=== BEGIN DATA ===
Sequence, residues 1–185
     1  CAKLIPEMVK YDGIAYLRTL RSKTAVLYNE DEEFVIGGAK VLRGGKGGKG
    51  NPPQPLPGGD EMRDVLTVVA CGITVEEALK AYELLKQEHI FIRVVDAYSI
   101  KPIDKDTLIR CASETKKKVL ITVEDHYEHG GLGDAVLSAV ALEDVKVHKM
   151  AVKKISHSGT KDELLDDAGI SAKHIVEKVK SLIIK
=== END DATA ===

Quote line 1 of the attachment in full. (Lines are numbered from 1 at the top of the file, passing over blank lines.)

Sequence, residues 1–185